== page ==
That was my story.

The details I’m about to share are as raw as they are honest. But I’m beginning our relationship here because I want you to know right off the bat that you aren’t alone in your pain and loss, even though I’m sure it feels like you are. I also realize that it’s hard to step into someone else’s trauma while walking through your own. And for that reason, I want to reassure you that, as you go through this book, you won’t walk alone as you chart your path to wholeness either—­the wholeness available only through the ongoing process of transformation by the power of the Holy Spirit at work within us. I pray that you’ll learn from my experiences in both pain and healing. No doubt, I have plenty of scars. I’m sure you do too. But those scars tell a very personal story. And that story begins right now.

The Nightmare on Our Street

Autumn had settled on the Midwest, and despite our reputation for brutal winters, this time of year was absolutely breathtaking. It was Saturday, November 3, 2012, and at a glance, you’d think it was going to be a picture-­perfect day. Though the morning temperature was in the low forties, the sun was rising on the dew-­covered grass, and the crisp air seemed to awaken the neighborhood in unison. Our family’s quaint quad-­level home, where we had lived for seventeen years, sat on the corner lot. Within its walls, Mom and Pops had hosted high school graduation parties, birthday celebrations, Thanksgiving dinners, and memorable get-­togethers. And in the home office where my parents operated their professional counseling practice with precious care, marriages had been restored and many lives—­young and old—­given focus, compassion, challenge, and empowerment. To this day, when I envision a place of peace and rest, it’s that house. The literal blood, sweat, tears, laughs, and sacrifices that built and rebuilt that house from the inside out made it our haven. It wasn’t elaborate by any stretch, nor was it perfect, but it was perfectly ours.

Just across the street on that November morning, the sun’s reflection shone on the tiny lake. The fiery colors of autumn blanketed the trees in the background. Trust me when I tell you that you haven’t seen beauty until you’ve been to Michigan in the fall. If you don’t believe me, book a trip here and witness it for yourself.

As I stepped off our front porch to go for a quick walk, our neighbor Lynn, with coffee in hand, sauntered to the edge of her driveway to retrieve the newspaper and waved in my direction. “Morning, Chris!” she exclaimed.

Have you ever been so deep in thought that you don’t even hear someone talking to you? This was one of those times.

“Chris! Mornin’, honey,” she called in her soft, quintessential midwestern tone.

I waved back. “Morning, Lynn. Hope you and Tom have a good day.” Truth be told, I wasn’t lost inside my mind. I was drowning there. Allow me to explain.

That particular Saturday was my birthday, and it became the third-­worst day of my life. You see, four weeks earlier, doctors had sent my mom home without any further medical recourse. At the age of fifty-­five, she was fighting for her life after a nearly two-­decade battle with multiple myeloma, a rare, medically incurable form of cancer. With tears in her eyes, my mom’s oncologist placed her into hospice care—­the very organization for which Mom was once the bereavement coordinator. If you’re unfamiliar, when someone is placed on hospice, death has been declared imminent.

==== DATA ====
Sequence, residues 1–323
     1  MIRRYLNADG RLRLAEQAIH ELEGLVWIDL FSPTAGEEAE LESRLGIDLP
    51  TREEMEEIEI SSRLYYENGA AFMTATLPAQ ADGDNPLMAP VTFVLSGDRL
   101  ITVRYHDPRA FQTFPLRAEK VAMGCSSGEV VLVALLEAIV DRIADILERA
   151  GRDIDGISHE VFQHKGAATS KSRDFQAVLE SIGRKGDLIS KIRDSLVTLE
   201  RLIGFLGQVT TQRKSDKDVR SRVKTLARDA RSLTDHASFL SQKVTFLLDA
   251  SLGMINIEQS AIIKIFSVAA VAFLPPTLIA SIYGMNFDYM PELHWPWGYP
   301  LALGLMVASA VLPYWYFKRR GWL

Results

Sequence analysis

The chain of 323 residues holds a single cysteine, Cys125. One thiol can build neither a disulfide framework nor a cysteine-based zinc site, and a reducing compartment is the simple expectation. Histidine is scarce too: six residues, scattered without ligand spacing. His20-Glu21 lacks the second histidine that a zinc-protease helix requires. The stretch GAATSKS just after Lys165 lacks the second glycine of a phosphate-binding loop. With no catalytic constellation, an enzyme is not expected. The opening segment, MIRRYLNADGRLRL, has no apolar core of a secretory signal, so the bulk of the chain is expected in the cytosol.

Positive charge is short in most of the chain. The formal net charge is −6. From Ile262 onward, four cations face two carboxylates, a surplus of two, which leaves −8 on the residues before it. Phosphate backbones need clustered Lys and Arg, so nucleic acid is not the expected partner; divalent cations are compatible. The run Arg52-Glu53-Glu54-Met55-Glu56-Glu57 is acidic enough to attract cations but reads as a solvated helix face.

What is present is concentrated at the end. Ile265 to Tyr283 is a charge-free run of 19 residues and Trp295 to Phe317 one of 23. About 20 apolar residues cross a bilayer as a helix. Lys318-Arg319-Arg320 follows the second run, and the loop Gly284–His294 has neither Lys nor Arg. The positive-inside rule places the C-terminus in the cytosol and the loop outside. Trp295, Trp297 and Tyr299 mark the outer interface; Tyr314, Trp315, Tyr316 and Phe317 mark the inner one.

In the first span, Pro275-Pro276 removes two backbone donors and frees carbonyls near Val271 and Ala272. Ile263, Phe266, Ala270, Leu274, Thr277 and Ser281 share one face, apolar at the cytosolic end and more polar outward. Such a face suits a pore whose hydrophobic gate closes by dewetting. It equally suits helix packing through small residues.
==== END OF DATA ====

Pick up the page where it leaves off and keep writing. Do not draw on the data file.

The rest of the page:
Despite this prognosis, our family was relentless in our pursuit of healing. Sobered by the medical facts, we were equally anchored in and focused on the truth of the Scriptures: Our God is a healer. We were tired, but we weren’t giving up hope for a miracle. People had told us to stop playing “the faith game” and instead face the facts. But this was no game.

Through weeks of sleepless nights and tear-­filled days, we poured ourselves into her care, often ignoring our own needs to provide for her in the most personal and intimate ways while protecting her dignity. Because Pops—­hero that he is—­worked three jobs for nearly twenty years to keep the family out of medical debt, my sister and I were on rotation, sleeping in our parents’ bed to cover the arduous night shift with Mom. Our love was stronger than any embarrassment or shame at her total dependency, because her worth, value, dignity, and beauty were not clouded by the terrible disease destroying her outer shell.

Though Mom could barely speak or even keep her eyes open, multiple myeloma was not her identity. She was not cancer. And that’s why I was internally distracted when Lynn called my name that morning. I was hoping that when I got home from my walk, somehow life would be good again. That all of this would be a bad dream. But it wasn’t. I hated that day. I hated my birthday.

When I returned fifteen or twenty minutes later, I went upstairs to tend to Mom, who was barely conscious. I asked her, “Momma, do you know what today is?” She shook her head no. “It’s my birthday! Do you know how old I am today?”

She whimpered, “A hundred and thirty-­five?”

She wasn’t trying to be playful, though her gregarious Italian personality, now absent, was my favorite part about her. She was in and out of a comatose state. I kissed her on the cheek and left the room for a moment, heading toward the bathroom as a flood of tears fell down my cheeks. I leaned into the sink and dropped my head. How can this be real? I turned on the faucet and splashed some cool water on my face.

That night, my sister and a few close friends took me to my favorite sushi restaurant for dinner. They sang “Happy Birthday,” but I didn’t hear anything. I could barely stomach my food. When I caught my sister’s eyes a few times during the meal, I noticed she lifted a soft smile toward me, but I saw the shared exhaustion in her countenance.

About the Author

Christopher Cook
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About the Author

Dr. John Delony